Browns WR Terrelle Pryor says his on-field chatter doesn't cross line

ByPat McManamon ESPN logo
Wednesday, December 14, 2016

BEREA, Ohio - Cleveland Browns receiver Terrelle Pryor said Wednesday he does not believe he crosses the line when it comes to on-field chatter with opponents.

Pryor also said he had no recollection of telling Bengals defensive coordinator Paul Guenther that he would get cornerback Adam Jones cut.

"Some people are storytellers," Pryor said. "I don't know a lot about that."

Jones made that claim about Pryor in a postgame rant following Cincinnati's 23-10 win on Sunday. Jones also said Pryor was arrogant, and called Pryor "garbage," and went so far as to pick up a trash can and mime looking for Pryor.

Asked by reporters about Jones' comments, Pryor initially said he wouldn't get into it. But the more he spoke, the more he talked about Jones and trash talk.

He even said Jones had the right to call him garbage.

"I had one catch, three yards," Pryor said. "I was garbage. He was right. It was an accurate statement."

Pryor was not pleased with reports that said he and quarterback Robert Griffin III were arguing in the huddle when the Browns had to call a third-quarter timeout because the play clock was winding down.

"You guys can't assume, because me and Rob wasn't arguing," Pryor said. "I go and read in the articles you guys are saying that I am arguing with my teammate. That's trying to break up this team and all we're trying to do is come in here and fight for a win.

"I come in here and talk to you guys face to face. I'm very honest with you guys, have fun with you guys, and then you guys paint a picture about me to be a bad person. And try to put some type of stigma between me and my teammates.

"So I appreciate if you guys would stop assuming and get the actual story before you write something."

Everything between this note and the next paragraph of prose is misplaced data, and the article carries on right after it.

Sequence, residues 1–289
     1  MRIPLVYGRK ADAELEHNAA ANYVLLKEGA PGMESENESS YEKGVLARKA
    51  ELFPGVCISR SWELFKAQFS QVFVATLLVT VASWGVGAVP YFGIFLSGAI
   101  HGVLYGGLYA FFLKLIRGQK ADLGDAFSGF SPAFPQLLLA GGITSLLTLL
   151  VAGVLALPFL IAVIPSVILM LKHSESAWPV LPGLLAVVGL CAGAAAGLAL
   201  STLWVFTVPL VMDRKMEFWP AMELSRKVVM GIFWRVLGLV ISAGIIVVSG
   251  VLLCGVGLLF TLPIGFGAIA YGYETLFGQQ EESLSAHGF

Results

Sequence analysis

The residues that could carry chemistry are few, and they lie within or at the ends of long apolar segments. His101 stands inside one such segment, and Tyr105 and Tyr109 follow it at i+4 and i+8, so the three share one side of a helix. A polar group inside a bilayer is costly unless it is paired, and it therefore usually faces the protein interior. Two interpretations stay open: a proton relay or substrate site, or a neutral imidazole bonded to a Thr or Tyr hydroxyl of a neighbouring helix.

Griffin also said that he and Pryor were not arguing, but the quarterback added that they can't have the appearance of arguing, which leads to questions.

Monday, coach Hue Jackson said Pryor had to better channel his emotions and passion. Wednesday, Jackson said he had talked with Pryor, and would continue to do so until the talks worked.

Pryor maintained he is not causing any problems.

"You can ask all my teammates. I'm not a guy that causes any beef or drama on the team. That's not me. Am I on the sideline fiery? Am I in the game fiery? Absolutely.

"I want to think that the fans and my coaches or anyone else want me to [play that way]. And if I play it any other way and shut up and didn't do anything, I don't think I'd play as well."

Pryor said he would be steadfast in not talking negatively about other players in the media because he wants to be a role model to the kids who write him and look up to him.

"When I'm in the game, it's different," Pryor said. "I'm in my sanctuary along with all the other players."

He said, though, he does not believe he crosses the line when he's on the field.

"You can't cross the line in terms of that unless you're going to hurt the team with a penalty and stuff like that," Pryor said. "The refs are pretty good at that ... they know if stuff is getting heated up. They'll stop you. As long as you listen to the ref and obey their law, you can keep on going and playing your game. You know, staying in the moment."

Pryor knows that players have called him out after the last two games, first Janoris Jenkins of the Giants via Twitter, then Jones.

"Words don't do anything to me," he said. "I'm a godly man. I just live my life every day being humble and being kind. And I live off of that."